Despite extensive research on face recognition in healthy subjects and the potential relevance of face processing in social interactions, few functional and anatomical studies have examined face processing in schizophrenia. Existing studies have focused primarily on facial affect recognition (12, 13). However, very few studies have examined the functional integrity of early processes related to face sensory features. There is also a paucity of data on the relationship between functional indices of face processing and structural correlates. Previously we reported an association between structural abnormalities of the fusiform gyrus and behavioral measures of memory function for faces in schizophrenia (14). These results provided the impetus for the present study, which focuses on linking electrophysiological and structural correlates of face processing in schizophrenia.
The present study was designed to test the hypotheses that patients with schizophrenia, compared with healthy subjects, show less activation in early visual processing for faces, as measured by the N170 potential in response to faces, and that this functional abnormality is associated with smaller fusiform gyrus volume in schizophrenia patients, compared with healthy subjects. Confirmation of these hypotheses would further clarify the contributions of the fusiform gyrus to the N170 potential.
Twenty male patients with chronic schizophrenia and 16 male healthy comparison subjects with normal/corrected vision, age 20–55 years, all right-handed, participated in this study. After a complete description of the study, all participants signed an informed consent form, in accordance with Harvard Medical School and VA Boston Healthcare System guidelines. Demographic data for all subjects are presented in Data Supplement 1, which is available with the online version of this article at http://ajp.psychiatryonline.org. The exclusion criteria were 1) a history of neurological illness or major head trauma that would result in an abnormal EEG, 2) a history of ECT, 3) a history of alcohol or drug dependence, 4) alcohol or drug abuse within the past 5 years, and 5) verbal IQ below 75. Healthy comparison subjects were recruited through newspaper advertisement and were screened with the Structured Clinical Interview for DSM-III-R—Non-Patient Edition (SCID-NP). No comparison subjects had an axis I psychiatric disorder, nor did their first-degree relatives.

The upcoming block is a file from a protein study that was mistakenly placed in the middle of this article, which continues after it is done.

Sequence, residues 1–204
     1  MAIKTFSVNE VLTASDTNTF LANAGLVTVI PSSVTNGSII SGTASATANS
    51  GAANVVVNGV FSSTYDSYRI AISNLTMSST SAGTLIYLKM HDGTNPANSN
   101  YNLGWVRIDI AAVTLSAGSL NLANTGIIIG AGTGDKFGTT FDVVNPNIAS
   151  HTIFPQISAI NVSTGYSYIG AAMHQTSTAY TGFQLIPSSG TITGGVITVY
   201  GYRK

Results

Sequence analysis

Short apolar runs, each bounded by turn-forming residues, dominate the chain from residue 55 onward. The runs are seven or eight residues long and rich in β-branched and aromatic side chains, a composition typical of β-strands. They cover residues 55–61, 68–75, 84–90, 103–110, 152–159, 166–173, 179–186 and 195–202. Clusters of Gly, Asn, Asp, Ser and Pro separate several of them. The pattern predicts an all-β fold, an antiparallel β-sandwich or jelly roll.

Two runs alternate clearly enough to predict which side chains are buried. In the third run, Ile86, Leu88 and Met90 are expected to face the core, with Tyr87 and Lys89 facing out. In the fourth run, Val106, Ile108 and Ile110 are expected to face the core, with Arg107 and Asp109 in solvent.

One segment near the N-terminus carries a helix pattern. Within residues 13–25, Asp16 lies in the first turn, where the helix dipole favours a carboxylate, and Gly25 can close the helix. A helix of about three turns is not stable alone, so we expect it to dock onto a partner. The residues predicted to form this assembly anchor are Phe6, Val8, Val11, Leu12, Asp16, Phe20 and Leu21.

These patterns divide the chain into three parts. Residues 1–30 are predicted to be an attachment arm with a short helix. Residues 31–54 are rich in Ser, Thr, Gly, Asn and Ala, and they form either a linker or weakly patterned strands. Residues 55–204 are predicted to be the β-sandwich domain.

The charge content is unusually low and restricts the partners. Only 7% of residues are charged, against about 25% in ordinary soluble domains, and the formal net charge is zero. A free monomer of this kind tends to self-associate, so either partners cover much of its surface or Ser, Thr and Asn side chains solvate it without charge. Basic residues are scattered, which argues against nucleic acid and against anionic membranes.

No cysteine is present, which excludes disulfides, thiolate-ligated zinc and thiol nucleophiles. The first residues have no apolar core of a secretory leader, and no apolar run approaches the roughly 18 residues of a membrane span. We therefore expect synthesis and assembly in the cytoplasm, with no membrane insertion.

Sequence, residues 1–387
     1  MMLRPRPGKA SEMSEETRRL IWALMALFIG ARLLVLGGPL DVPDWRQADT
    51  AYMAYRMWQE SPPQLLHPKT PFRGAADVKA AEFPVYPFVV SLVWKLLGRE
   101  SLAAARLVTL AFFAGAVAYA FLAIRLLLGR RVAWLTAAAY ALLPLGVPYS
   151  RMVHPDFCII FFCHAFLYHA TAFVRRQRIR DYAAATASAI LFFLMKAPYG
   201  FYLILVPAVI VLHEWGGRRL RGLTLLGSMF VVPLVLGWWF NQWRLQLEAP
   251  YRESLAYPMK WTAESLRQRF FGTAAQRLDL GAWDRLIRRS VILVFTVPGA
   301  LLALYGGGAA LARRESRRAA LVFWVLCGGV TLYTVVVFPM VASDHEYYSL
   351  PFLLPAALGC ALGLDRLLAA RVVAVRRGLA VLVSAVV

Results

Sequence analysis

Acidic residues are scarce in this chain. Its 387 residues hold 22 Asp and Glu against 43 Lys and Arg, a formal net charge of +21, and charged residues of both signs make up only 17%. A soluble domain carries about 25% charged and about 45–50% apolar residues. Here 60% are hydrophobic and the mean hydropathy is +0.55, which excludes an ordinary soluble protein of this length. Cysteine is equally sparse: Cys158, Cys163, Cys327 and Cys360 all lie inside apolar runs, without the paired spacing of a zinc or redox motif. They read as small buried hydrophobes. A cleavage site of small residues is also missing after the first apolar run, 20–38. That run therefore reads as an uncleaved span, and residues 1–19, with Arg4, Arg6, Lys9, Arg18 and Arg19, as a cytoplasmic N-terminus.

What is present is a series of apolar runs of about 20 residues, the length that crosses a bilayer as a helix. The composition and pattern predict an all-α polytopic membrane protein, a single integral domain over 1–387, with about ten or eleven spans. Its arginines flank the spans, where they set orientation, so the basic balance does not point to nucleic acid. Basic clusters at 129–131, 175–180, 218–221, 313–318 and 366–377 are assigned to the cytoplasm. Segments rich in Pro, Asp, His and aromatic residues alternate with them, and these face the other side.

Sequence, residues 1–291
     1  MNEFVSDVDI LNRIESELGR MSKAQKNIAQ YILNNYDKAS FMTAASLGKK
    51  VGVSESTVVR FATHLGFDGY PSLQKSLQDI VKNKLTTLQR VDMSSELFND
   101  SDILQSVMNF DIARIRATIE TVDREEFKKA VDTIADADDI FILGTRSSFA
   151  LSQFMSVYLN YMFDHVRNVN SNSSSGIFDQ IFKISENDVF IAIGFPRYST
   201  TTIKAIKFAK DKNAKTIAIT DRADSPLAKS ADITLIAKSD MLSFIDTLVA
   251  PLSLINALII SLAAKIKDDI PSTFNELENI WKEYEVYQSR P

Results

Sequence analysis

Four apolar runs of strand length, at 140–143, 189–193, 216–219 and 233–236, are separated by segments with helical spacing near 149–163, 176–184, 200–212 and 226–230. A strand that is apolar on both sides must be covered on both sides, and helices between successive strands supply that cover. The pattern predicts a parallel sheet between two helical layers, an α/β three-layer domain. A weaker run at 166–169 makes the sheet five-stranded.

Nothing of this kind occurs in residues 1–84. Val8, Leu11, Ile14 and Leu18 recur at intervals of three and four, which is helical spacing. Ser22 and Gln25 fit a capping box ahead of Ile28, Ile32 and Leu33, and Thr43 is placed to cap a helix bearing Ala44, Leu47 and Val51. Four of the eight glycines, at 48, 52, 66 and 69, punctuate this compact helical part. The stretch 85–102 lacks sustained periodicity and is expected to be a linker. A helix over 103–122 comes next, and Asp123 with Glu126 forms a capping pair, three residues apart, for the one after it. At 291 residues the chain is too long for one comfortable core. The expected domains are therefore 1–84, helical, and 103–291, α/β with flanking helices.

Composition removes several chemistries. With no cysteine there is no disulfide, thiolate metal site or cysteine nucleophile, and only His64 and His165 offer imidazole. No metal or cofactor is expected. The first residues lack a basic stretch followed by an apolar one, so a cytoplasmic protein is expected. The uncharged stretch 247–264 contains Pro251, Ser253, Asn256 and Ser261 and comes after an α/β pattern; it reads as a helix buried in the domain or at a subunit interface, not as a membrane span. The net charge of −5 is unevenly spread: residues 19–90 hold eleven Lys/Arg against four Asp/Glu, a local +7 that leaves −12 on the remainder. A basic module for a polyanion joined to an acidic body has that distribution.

The patients were recruited from the VA Boston Healthcare System, Brockton Division, and had a diagnosis of schizophrenia on the basis of their medical records and assessment with the patient edition of the SCID for DSM-IV. All patients were receiving neuroleptic medication, with a mean dose equivalent to 383.8 mg/day of chlorpromazine (SD=266). Five of the 20 patients were receiving typical neuroleptics, 14 were receiving atypical neuroleptics, and one patient was receiving both types of neuroleptics. No significant correlations existed between chlorpromazine-equivalent doses and N170 amplitudes at any electrode site in response to any stimuli (<0.20≤r≤0.24, 0.31≤p≤0.91). The Positive and Negative Syndrome Scale (PANSS) (15) was administered to patients. Mean scores on the PANSS positive symptom scale, negative symptom scale, and the general psychopathological scale were 19.0 (SD=7.7), 21.2 (SD=5.8), and 37.2 (SD=10.0), respectively. Handedness was assessed with the Edinburgh Inventory (16), and the socioeconomic status of subjects and their parents was measured by using the Hollingshead two-factor index.